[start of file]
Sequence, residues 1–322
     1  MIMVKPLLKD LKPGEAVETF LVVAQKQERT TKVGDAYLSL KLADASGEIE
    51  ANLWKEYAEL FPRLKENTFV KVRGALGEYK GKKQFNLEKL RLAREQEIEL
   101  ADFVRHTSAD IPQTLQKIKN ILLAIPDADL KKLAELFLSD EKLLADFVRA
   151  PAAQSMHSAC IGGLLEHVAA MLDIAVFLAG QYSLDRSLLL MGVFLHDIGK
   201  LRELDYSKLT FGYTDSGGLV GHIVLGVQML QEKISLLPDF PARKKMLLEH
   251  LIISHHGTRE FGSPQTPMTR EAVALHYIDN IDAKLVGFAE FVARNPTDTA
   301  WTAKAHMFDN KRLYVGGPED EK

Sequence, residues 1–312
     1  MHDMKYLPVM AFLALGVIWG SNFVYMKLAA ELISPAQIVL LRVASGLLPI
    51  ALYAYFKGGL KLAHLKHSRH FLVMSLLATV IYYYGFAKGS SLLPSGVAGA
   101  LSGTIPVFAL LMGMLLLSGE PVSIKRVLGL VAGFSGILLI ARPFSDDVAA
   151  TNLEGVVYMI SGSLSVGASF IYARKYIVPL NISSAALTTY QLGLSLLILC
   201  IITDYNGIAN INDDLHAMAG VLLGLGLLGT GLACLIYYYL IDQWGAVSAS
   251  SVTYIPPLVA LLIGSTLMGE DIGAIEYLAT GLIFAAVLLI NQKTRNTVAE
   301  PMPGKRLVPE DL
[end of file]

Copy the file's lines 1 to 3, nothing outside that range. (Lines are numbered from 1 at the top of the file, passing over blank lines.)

Sequence, residues 1–322
     1  MIMVKPLLKD LKPGEAVETF LVVAQKQERT TKVGDAYLSL KLADASGEIE
    51  ANLWKEYAEL FPRLKENTFV KVRGALGEYK GKKQFNLEKL RLAREQEIEL